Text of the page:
ASUS UX31A: First Screens First

Normally we save our look at the LCD characteristics for last, but in this case the LCD happens to be one of the highlights of the product. No one else is doing 1080p IPS screens in a 13.3” laptop that I know of (though obviously with the screens available for ASUS we may see some uptake from other manufacturers in the near future), so the UX31A is in a class by itself. We’ve commented on the overall good build quality and keyboard, but it’s the display that really sells the UX31A. Here’s how it stacks up to other Ultrabooks.

LCD Analysis - Contrast

LCD Analysis - White

LCD Analysis - Black

LCD Analysis - Delta E

LCD Analysis - Color Gamut

Desktop LCDs might still be better for the most part, but contrast ratios above 1000:1 in laptops—with matte displays—are practically unheard of. ASUS tops our contrast ratio chart, but it doesn’t end there. At 400 nits maximum brightness, it’s also one of the brightest LCDs you can find (though not with perfect colors, and post-calibration you’re looking at 300-350 nits, depending on how you calibrate). Obviously battery life will suffer if you run at 100% brightness, but there are occasions (e.g. outside in the sunlight) where it will be necessary and it’s great to have that option. In practice, I was able to use the UX31A—thanks to the matte surface—in a car without trouble with the LCD set to around 200 nits, and I was extremely pleased to not have to look at my reflection for a change (not that I’m ugly, mind, but vanity can only take you so far…).

As for color quality and accuracy, ASUS gives up a bit of ground there compared to some other higher quality LCDs, but dE of less than 2.0 after calibration is good in the laptop world and the color gamut is a respectable 80%. That gamut actually isn’t quite right, though—the gamut is wider than AdobeRGB in some areas but less in others, so if you’re working within the AdobeRGB color space it’s more like 67%. If you’re serious enough about color accuracy that you have the necessary hardware and software for calibrating your laptop, you may not be completely satisfied with the UX31A’s display, but you’ll really have to spend a lot of money to find a better laptop LCD (e.g. the $500+ LCD upgrades found on high-end mobile workstations).

Viewing angles is obviously where IPS can really shine, and while there’s a loss in brightness and contrast at acute angles, there’s no color shifting to worry about. Use it at a desk, on your lap, in an airplane, or wherever else you might find yourself and the UX31A display will still be completely usable. In 2012, this is what we’d like to see from all laptops, but in particular there’s no excuse for $1000+ laptops and notebooks to continue peddling sub-standard TN panels. ASUS gets a well-deserved gold star for their choice of display.

With all the good we have to say about the LCD, we do need to offer one minor word of caution. Windows 7 still doesn’t handle DPI scaling perfectly, and 1080p in 13.3” makes this one of the highest density LCDs around. Windows 8 may improve on the situation, but for those who stick with Windows 7 you’ll still encounter the occasional quirk. ASUS ships with the DPI scaling set to 125% as mentioned earlier, and it’s really necessary if you want most text to be legible. Even with the minor issues with some applications, though, I’d take this sort of display ten times out of ten if given the option.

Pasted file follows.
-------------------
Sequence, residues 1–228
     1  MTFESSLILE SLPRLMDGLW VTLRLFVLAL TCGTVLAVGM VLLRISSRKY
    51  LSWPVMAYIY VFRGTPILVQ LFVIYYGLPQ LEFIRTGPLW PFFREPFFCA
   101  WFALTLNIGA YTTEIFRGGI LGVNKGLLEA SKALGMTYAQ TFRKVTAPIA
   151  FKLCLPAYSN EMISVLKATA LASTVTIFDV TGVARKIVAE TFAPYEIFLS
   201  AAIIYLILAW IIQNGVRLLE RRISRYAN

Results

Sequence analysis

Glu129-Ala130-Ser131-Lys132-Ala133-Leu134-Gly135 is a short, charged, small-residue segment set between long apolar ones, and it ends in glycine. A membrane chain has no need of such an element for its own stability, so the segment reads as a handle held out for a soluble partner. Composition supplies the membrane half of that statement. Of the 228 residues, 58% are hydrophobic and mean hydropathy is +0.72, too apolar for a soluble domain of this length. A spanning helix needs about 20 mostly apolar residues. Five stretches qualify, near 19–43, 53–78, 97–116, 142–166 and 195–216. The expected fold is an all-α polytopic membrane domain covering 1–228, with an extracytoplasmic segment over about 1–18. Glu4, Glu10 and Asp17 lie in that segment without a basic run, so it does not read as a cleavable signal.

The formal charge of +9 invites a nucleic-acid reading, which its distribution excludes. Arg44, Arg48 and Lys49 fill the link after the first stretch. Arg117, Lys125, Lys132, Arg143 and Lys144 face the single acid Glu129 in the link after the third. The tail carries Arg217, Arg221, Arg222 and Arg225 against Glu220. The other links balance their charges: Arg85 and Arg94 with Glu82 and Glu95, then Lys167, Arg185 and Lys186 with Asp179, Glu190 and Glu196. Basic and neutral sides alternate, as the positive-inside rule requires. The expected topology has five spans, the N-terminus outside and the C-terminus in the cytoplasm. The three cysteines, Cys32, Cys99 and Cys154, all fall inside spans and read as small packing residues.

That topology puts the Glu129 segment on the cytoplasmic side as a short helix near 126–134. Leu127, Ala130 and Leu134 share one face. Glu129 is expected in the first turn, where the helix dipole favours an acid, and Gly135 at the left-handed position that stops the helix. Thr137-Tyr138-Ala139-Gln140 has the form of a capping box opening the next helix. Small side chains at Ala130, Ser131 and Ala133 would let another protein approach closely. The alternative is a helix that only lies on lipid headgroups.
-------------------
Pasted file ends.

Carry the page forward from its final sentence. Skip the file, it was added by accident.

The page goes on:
Benchmark Setup ASUS UX31A: General Performance
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  • sheh - Tuesday, August 28, 2012 - link

    It looks like the higher monitor DPI trend really started. I hope. Now just double the physical size (well, maybe stick to 24"), keep the DPI, change the ratio to 1.6, and you have a nice desktop monitor.

    Oh, and make it OLED. :)
    Reply
  • bji - Tuesday, August 28, 2012 - link

    Yes, and don't forget ditching 16:9 and going back to 16:10, a much more useful aspect ratio for computing. Reply
  • kezeka - Tuesday, August 28, 2012 - link

    a 1.6 ratio is 16:10. Reply
  • MamiyaOtaru - Sunday, September 09, 2012 - link

    I am never throwing out my 4:3 monitor. I even liked 5:4. With so many people saying widescreen is better, complaints about 16:9 make me happy inside. Reap what you sow Reply
  • peterfares - Sunday, September 09, 2012 - link

    No one who knows anything likes 16:9, it's too wide for a computer. I like large 16:10 2560x1600 monitors where you can have two windows open side by side with plenty of room in each window. Reply
  • misiu_mp - Tuesday, September 11, 2012 - link

    I hate widescreen. It belongs in the living room, not on the desktop, where it is a complete waste of pixels.
    I miss 1600x1200 displays. For laptops I find the 1400x1050 very comfortable at 15''. Alas, the mass hysteria of "wide-screen", "HD" combined with the popularization of consumer electronics made really useful screen sizes a niche that no one dares fill up. Shame.
    Reply
  • magreen - Tuesday, August 28, 2012 - link

    This. A million times, this. Reply
  • pkaro - Tuesday, August 28, 2012 - link

    It's a 25% reduction in weight.

    Change = (Initial - Final)/(Initial) * 100
    Reply
  • JarredWalton - Tuesday, August 28, 2012 - link

    Fixed, thanks. Reply
  • MichaelD - Tuesday, August 28, 2012 - link

    Nice review! Very detailed and I enjoy your personalized writing style. Thanks, Jarred.
    IMO, the Ultrabooks are getting there. I don't at all care for proprietary connectors on the storage and *ugh* soldered-on memory, but the form factor is nice and thankfully we FINALLY have decent screens on laptops. When I can get an ultrabook with at least 16x9 res, user upgradable memory and standard form-factor (SSD) storage for under $1K, I'll bite.
    Reply

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